Don’t leave your employee’s safety out in the cold
Dry ice manufacturing is becoming a large part of the welding and gas industry. Those who are making it find that it can be a profitable and high-growth division of their business. Manufacturing dry ice brings some new exposures to your business that many had not previously had to address but should be aware of. Without proper programs in place, you could be exposing your employees to some pretty significant workers’ compensation claims from amputation to a major soft tissue injury.
Have you updated your safety programs to encompass your new exposures?
Safety programs recommended for an update:
- Machine Guarding
- Lockout Tagout
- Material Handling
- Personal Protective Equipment
- First Aid
- Environmental Monitoring & Ventilation
Many of these recommendations sound obvious, but good employees can make mistakes while trying to do their job faster or better. These recommendations should be strictly followed, and all employees should be properly trained, including refresher training at regular intervals.
Put simply, amputation injuries are gruesome, extremely damaging to your employees (for obvious reasons), put you in the crosshairs of OSHA and can have a very negative impact on culture. Work with a safety professional and/or the equipment manufacturer to ensure proper guarding is in place so employees cannot reach their hands in operational equipment. Blocks of ice moving through the machinery can create pinch points.
Jams often occur in equipment. DO NOT attempt to unblock a jam while the equipment is energized. Doing so puts the employee at great risk. A logout tagout procedure should be developed for all of your machines and equipment.
Blocks of dry ice can easily weigh 100+ lbs. Make sure you’ve got a material handling policy with manual lifting weight restricted to 50 lbs. or less. If 50+ lb block needs to be moved, have mechanical means available or require a team lift.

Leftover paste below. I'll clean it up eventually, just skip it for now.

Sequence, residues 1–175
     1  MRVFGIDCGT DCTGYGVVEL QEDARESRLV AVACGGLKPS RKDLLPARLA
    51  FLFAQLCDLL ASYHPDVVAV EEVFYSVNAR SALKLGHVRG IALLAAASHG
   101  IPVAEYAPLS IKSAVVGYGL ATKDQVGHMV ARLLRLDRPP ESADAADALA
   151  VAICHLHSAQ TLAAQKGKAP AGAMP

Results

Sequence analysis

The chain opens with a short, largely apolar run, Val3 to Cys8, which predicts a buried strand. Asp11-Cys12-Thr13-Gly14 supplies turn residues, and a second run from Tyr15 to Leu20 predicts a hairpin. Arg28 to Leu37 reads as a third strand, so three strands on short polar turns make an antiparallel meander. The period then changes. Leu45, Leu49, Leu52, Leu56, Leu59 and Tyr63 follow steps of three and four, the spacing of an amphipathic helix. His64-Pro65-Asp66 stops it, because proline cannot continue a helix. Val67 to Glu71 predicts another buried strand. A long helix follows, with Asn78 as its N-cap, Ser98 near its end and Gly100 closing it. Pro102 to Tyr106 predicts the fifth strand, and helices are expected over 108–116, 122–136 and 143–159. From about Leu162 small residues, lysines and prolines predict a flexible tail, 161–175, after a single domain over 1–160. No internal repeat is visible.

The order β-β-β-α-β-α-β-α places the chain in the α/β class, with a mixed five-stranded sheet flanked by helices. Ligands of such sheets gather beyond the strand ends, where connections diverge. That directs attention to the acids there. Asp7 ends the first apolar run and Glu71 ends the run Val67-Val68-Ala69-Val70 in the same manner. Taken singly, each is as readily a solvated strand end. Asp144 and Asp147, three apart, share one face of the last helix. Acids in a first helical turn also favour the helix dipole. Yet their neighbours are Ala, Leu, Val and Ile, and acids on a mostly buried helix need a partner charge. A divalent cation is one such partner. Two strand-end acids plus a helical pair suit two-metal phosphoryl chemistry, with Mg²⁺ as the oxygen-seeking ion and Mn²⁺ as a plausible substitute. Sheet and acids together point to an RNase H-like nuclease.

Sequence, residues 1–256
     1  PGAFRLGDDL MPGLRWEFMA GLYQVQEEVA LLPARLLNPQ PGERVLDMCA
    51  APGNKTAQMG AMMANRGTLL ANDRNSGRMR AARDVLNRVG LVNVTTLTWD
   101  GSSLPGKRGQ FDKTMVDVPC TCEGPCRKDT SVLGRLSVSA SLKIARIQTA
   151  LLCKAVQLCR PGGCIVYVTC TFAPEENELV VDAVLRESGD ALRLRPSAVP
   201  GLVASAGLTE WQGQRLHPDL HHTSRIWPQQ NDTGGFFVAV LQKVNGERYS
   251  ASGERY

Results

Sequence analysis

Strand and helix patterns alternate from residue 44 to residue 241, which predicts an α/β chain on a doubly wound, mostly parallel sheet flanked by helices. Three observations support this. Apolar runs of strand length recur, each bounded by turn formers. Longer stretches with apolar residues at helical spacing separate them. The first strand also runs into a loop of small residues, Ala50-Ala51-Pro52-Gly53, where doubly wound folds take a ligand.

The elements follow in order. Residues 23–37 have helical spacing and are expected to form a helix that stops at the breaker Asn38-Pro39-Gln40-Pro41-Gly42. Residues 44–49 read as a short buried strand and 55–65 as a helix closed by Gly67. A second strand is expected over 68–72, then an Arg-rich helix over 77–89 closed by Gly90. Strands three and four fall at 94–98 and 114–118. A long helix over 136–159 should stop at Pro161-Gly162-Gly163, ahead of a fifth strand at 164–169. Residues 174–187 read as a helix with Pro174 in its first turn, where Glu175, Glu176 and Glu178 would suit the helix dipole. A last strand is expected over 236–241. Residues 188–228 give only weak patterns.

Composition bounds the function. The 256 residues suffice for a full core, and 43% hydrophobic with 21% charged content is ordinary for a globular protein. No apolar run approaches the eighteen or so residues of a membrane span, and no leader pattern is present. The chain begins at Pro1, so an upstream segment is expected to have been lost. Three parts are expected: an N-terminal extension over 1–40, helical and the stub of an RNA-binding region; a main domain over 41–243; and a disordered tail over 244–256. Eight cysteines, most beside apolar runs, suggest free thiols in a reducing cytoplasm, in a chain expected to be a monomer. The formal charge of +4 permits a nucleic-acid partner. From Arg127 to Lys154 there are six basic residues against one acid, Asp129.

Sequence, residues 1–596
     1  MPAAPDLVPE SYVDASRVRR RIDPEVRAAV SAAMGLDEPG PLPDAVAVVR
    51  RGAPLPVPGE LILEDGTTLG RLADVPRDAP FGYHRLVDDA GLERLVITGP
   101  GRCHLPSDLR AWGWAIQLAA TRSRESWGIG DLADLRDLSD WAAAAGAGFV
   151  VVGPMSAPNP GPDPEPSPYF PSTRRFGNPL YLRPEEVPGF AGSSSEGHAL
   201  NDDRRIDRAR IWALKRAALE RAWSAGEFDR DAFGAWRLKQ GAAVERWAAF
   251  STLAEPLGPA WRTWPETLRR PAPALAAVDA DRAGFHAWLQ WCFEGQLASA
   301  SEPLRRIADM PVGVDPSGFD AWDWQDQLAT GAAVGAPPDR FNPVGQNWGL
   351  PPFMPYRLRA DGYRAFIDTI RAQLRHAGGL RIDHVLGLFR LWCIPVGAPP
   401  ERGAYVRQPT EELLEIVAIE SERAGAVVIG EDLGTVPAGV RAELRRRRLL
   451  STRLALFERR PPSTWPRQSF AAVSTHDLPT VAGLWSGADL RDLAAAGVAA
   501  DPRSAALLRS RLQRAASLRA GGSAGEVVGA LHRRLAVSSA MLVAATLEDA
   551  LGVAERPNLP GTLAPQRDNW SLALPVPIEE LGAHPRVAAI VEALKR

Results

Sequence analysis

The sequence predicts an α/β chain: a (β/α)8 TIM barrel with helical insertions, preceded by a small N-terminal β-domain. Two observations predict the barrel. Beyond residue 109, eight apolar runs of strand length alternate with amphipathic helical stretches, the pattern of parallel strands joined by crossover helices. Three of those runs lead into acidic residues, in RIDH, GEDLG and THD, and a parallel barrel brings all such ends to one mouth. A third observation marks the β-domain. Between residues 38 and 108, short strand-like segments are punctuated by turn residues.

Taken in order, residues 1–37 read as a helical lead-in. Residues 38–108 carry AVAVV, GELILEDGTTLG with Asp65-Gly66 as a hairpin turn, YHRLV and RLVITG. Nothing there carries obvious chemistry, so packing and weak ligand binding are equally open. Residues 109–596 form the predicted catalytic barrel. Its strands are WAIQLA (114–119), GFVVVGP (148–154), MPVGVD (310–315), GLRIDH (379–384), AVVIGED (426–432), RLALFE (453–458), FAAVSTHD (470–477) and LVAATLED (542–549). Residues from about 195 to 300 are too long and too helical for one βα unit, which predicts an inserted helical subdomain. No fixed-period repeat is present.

Personal Protective Equipment
Determine what’s right for your operation, but it’s customary to require gloves, eye protection, and steel toe boots.
First Aid Awareness
Train your employees on what to do if the product is inhaled, gets on skin or in the eyes. If you’re a GAWDA member, check out the “Dry Ice Sample Safety Practice / End User Guide”
Dry Ice manufacturing can be harmful to your employees. We’ve seen an increase in dry ice-related work comp injuries recently, which prompted this article. Our hope is that this creates awareness around the process and serves as a reminder to ensure your team stays safe. Our customers run family businesses, and we know they want their team to go home just as healthy as when they showed up to work. Be sure to remind your team of the dangers of dry ice. Review the risks associated with each part of the manufacturing process, including the presses, the belts that feed the machine, pinch points and the dry ice itself.
As most in the welding & gas industry know, CO2 is heavier than oxygen and can quickly build up to a point that it can kill. Ensure you have the appropriate environmental monitoring and alarm system present in your manufacturing area and plant. Also, make sure that your facility is properly ventilated. This is, of course, also important when it comes to educating customers on proper storage, transport and use. CGA put out an outstanding poster, that we recommend sharing with your customers and employees, which can be downloaded for free at their website https://www.cganet.com/dry-ice-safety/.
Even very experienced staff who have been doing this job for a long time needs to be reminded of the dangers they face working with dry ice.
We’re here to help if you have questions or would like to discuss any other safety or risk management topics.
Material posted on this website is for informational purposes only and does not constitute a legal opinion or medical advice. Contact your legal representative or medical professional for information specific to your legal or medical needs.